It’s a long way and lots of hours flying from Tucson, AZ to Muscat, Oman but I had the great opportunity and pleasure to attend the 7th International Conference on Health Issues in Arab Communities with five of my colleagues from the University of Arizona.
Dr. Iman Hakim, Dean of the College of Public Health and founding director of the Global Health Institute (GHI) arranged a session on “Transcontinental Collaborative Programs” at the UofA and that’s where telemedicine comes in.
She highlighed the “Global Health Institute Partnership with Middle-Eastern Institutions and Organizations” which prepares a globally trained, inter-professional workforce by offering global health training programs to international public healt students and health care professionals.
Dr. Michael Katz, Science Director for the College of Pharmacy International Affairs, discussed “US Training of Clinical Pharmacy Faculty: Kingdom of Saudi Arabia Experience”, a program for junior clinical pharmacy staff that provides clinical pharmacy and pharmacy education experience that they would otherwise not have access to.
Dr. Ivo Abraham, Director of the Center for Health Outcomes and Pharmacoeconomic Research, talked on “The E3O Partnership with the Ministry of Health, Kingdom of Saudi Arabia” which improves the quality, efficiency, and outcomes of medication use and pharmaceutical care in KAS via workforce development, research and innovation, and translation.
Dr. Joan Shaver, Dean College of Nursing, discussed “Building the Global Capacity for a Highly Functional Nursing Workforce” for advancing nursing practice across cultures in particular at the University of Tabuk, KSA. It uses online and onsite learning tools cooperatively designed on topics of mutual agreement. This allows for innovative partnering across distances.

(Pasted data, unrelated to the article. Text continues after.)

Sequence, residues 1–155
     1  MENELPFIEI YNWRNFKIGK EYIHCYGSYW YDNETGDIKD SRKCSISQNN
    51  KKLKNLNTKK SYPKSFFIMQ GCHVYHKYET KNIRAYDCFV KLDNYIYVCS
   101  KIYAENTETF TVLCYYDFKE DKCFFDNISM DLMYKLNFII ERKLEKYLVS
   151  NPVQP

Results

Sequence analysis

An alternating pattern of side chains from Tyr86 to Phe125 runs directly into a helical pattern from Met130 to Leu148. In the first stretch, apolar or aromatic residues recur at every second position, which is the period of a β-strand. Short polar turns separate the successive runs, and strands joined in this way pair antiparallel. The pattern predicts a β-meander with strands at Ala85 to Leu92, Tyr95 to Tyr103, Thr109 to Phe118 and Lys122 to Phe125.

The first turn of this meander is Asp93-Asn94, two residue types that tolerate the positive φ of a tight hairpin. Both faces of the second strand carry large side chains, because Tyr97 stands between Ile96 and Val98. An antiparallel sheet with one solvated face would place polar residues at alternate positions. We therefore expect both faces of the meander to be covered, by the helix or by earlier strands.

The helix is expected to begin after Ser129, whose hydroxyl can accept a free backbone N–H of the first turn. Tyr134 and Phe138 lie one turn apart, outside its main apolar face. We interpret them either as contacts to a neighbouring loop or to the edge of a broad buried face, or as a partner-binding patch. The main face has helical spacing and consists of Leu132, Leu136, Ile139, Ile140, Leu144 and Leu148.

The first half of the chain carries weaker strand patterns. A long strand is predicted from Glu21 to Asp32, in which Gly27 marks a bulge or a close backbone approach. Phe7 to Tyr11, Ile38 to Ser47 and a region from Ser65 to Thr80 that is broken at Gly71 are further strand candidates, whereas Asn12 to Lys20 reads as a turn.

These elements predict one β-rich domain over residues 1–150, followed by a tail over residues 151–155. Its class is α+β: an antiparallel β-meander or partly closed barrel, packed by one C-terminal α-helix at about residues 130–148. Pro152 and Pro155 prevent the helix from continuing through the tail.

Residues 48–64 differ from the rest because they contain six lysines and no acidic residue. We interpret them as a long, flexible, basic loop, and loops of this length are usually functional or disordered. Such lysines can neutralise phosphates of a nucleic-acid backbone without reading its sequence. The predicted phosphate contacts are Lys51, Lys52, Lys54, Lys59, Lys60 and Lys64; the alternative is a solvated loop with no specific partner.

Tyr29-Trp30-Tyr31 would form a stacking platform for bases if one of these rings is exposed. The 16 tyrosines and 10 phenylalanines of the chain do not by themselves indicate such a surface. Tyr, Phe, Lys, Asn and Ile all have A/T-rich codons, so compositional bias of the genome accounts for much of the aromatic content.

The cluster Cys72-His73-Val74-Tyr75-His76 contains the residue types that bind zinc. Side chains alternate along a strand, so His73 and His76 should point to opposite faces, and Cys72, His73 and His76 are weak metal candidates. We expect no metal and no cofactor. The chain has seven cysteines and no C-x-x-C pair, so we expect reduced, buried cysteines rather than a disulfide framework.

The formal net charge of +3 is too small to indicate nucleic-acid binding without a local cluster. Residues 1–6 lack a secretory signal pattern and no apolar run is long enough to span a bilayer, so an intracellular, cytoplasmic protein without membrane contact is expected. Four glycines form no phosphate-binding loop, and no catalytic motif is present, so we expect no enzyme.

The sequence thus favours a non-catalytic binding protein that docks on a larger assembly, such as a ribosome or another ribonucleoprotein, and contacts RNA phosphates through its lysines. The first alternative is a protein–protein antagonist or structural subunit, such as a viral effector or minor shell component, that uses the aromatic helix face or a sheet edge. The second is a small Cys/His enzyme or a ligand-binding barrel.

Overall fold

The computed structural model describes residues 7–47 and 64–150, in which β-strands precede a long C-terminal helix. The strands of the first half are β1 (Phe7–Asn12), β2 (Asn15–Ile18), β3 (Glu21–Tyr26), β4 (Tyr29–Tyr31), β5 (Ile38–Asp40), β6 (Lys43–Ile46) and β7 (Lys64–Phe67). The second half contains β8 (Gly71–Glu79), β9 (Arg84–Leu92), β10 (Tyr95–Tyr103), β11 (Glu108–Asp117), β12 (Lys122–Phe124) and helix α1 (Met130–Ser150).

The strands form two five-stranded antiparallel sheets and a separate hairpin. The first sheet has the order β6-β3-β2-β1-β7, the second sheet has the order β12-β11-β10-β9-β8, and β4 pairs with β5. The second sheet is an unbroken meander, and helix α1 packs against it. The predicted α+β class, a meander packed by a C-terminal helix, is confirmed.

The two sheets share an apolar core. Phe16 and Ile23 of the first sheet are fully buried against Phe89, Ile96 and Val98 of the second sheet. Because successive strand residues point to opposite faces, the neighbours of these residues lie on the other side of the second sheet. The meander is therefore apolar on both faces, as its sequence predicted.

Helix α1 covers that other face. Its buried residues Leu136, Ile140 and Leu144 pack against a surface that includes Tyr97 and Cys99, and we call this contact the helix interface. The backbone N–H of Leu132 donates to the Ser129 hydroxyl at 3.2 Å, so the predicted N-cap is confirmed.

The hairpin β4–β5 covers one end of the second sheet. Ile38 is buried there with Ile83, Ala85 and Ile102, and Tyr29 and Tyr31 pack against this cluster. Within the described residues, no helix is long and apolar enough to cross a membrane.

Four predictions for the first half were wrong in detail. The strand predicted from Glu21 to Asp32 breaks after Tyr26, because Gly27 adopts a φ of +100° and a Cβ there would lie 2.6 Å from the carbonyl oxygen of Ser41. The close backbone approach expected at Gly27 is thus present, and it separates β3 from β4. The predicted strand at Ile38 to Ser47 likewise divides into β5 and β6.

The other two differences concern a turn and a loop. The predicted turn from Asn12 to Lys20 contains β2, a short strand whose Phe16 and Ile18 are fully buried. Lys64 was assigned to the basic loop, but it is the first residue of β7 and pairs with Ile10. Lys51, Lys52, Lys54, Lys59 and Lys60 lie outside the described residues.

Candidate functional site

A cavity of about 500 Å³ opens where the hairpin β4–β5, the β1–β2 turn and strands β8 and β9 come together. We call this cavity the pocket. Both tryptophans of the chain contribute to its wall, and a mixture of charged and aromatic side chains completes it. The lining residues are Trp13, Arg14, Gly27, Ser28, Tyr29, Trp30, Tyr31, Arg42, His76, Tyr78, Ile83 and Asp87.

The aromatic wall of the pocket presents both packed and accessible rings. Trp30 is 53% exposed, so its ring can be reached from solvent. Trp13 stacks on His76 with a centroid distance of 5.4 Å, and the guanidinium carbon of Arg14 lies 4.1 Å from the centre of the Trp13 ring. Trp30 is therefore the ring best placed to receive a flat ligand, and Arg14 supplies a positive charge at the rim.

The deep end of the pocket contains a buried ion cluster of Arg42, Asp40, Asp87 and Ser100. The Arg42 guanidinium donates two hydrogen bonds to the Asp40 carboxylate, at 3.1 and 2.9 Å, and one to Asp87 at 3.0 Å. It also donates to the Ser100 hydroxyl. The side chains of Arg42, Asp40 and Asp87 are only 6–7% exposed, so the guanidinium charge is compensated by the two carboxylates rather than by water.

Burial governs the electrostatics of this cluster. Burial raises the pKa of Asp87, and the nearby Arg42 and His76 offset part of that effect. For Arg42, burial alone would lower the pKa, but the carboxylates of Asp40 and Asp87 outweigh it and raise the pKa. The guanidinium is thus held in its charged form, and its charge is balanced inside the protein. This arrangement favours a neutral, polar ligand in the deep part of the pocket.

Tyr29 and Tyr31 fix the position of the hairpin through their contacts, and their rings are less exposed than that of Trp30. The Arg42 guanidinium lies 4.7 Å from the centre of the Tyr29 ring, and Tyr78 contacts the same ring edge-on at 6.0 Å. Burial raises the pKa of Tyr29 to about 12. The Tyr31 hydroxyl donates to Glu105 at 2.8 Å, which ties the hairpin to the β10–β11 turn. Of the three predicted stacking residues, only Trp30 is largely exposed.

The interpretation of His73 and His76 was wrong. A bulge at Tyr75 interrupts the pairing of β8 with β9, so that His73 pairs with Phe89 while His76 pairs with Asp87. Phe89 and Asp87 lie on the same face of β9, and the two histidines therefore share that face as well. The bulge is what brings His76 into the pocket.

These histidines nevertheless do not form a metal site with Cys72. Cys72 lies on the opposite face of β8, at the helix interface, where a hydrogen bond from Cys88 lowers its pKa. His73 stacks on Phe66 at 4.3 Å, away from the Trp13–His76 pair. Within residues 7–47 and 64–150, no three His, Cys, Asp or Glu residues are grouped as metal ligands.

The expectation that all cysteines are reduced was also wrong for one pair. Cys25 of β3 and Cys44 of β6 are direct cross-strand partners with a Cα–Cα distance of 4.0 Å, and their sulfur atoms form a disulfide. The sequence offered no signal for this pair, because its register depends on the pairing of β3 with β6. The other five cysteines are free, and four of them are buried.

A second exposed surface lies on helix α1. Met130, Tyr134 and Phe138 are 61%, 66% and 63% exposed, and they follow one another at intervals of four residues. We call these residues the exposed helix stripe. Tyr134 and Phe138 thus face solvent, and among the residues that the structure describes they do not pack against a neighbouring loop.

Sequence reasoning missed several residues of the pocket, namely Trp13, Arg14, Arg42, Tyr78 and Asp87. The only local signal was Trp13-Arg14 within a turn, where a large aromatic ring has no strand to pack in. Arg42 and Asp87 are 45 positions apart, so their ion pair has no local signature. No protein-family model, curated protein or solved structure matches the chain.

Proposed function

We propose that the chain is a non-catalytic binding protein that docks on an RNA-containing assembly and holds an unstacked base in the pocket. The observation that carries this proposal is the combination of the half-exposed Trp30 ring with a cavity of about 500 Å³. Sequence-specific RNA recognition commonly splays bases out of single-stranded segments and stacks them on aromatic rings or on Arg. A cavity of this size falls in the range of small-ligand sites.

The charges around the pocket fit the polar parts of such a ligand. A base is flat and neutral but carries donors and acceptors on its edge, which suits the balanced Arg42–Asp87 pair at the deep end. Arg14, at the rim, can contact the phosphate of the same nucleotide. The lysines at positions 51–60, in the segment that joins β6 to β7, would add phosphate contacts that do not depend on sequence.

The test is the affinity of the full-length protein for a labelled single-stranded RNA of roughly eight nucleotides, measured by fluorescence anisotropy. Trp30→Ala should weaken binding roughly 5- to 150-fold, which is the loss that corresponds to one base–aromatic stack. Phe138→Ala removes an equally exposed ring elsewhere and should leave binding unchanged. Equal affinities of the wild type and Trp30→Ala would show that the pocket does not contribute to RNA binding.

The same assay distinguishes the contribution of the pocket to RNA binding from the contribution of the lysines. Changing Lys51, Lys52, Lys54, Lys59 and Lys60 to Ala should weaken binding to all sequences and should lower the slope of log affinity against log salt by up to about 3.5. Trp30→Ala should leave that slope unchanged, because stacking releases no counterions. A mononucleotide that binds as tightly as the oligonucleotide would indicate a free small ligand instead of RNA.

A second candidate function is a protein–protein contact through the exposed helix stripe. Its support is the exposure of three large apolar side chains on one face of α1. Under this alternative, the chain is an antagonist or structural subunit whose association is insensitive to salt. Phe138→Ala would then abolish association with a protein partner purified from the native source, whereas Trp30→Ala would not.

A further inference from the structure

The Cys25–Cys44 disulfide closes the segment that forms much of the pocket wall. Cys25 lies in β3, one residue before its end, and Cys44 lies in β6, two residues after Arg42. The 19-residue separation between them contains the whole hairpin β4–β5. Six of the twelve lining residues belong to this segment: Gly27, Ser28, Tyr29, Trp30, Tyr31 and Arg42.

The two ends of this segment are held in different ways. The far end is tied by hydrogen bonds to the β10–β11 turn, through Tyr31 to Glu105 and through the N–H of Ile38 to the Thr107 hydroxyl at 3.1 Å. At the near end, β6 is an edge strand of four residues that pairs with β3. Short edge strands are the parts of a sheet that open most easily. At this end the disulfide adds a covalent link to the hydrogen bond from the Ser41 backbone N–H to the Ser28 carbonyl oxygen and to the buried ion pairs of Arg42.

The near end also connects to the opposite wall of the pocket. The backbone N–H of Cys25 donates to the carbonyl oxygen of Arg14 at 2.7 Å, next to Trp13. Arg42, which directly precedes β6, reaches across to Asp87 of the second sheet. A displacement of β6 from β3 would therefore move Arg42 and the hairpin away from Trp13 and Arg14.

Dr. Charles Cairns is PI of the National Collaborative for Bio-preparedness and the Director of the US Critical Illness and Injury Trials Group that developed a data system that enhances bio-surveillance, situational awareness, emergency preparedness and response. It integrates near real-time data and analysis from global sources and social media for exchanging, analyzing, integrating and disseminating “hot off the presses” data about emerging healthcare events, outbreaks and emergencies.
My talk, “Innovations in Telehealth – New Models for Improving Healthcare Across Borders” discussed how telemedicine solutions are being incorporated into mainstream delivery of medical, educational, and administrative services around the globe, highlighting Arizona’s international outreach efforts including the Panama National Telemedicine Program and the International Virtual e-Hospital (IVeH).
In preparing I must admit I initially did not know much about telemedicine in this region, but am happy to report that there are lots of programs being developed and taking hold in the Middle East. As with every new meeting I attend, I was encouraged and warmed by the dedication of those from around the world and from various cultures and backgrounds reaching out and utilizing their experiences, technological developments, and energy to improve the health status and lives of those in need.